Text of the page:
Judy Krasna
Eating Disorders Parent Advocate
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How diet culture harms

Just don't talk about food, diet, or weight -- it's too easy to trigger disordered eating, especially in kids
Illustrative: Decadent chocolate cake. (iStock)
Illustrative: Decadent chocolate cake. (iStock)

Years ago, my daughter had a friend, and her friend had a mom who wanted to diet to lose some baby weight. Instead of dieting alone, this mother decided that she wanted a diet buddy. And instead of finding an appropriate diet buddy, she decided to enlist the company of her perfectly average weight 15-year-old daughter. Her daughter wanted a diet buddy as well, so she decided to enlist the company of my daughter, who never had reason to give even a passing thought to calories or to weight.

I have no idea whether the mother and daughter ever lost weight, but I can tell you that my daughter did. She lost too much weight; once she started, she couldn’t stop. It was this diet that set my daughter’s violent eating disorder into motion.

When she saw that I was opposed to her dieting, my daughter convinced me that it was just going to be about healthy eating. Naively, I thought, “What can be the harm in healthy eating?” While my daughter’s friend and her mother have moved on with their lives and probably forgotten all about this little diet of theirs, it is indelibly etched in my memory as the experience that triggered my daughter’s eating disorder. This eating disorder got a running start, and by the time we caught on to its wily tricks, it was raging like an out-of-control fire.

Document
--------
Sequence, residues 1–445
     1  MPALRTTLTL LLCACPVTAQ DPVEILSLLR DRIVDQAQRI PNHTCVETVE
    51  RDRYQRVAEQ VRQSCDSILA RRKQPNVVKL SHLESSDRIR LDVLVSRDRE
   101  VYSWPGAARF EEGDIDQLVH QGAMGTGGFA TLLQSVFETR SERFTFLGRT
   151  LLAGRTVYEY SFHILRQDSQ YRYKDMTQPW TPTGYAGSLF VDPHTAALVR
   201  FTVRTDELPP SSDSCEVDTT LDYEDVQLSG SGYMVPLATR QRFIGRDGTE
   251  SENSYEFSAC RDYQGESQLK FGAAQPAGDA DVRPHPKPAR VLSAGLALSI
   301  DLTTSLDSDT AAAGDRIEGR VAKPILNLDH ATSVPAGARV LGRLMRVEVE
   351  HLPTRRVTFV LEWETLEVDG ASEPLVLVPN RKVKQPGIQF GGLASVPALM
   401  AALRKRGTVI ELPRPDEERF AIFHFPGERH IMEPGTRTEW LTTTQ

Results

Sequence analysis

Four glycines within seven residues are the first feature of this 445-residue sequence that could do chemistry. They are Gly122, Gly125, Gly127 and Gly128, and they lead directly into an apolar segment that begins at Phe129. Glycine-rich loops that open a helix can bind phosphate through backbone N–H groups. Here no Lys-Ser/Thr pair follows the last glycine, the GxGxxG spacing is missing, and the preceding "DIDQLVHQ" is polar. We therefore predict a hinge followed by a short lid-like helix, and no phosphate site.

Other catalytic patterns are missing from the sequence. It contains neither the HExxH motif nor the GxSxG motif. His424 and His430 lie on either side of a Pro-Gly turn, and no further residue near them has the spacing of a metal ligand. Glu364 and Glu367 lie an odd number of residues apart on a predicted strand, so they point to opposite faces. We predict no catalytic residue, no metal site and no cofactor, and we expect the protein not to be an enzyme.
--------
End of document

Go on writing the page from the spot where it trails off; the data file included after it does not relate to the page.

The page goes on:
It’s been over 10 years since my daughter’s descent into the hell of her eating disorder, and I still can’t help feeling that in some way, the mother of my daughter’s friend unwittingly and irrevocably sparked a chain of events that set my daughter on a path of suffering. I am positive that she never meant to do any harm, but I wonder sometimes how life would have turned out for my daughter if her friend’s mother had acted differently.

This experience is the foundation of my belief that certain attitudes and behaviors surrounding food and weight are nothing less than toxic. Even if the person who holds/practices them seems unaffected, the toxicity can spread like secondhand smoke, selectively afflicting those who inhale it. You pass on certain attitudes and behaviors to your children, who then pass them on to mine, because kids talk to each other and life doesn’t exist in a vacuum. If parents truly understood this, I would like to believe that there would be a shift in the way that they speak about food, diet, and weight in front of their children. The impact of a parent’s words and attitudes is farther reaching than one would imagine.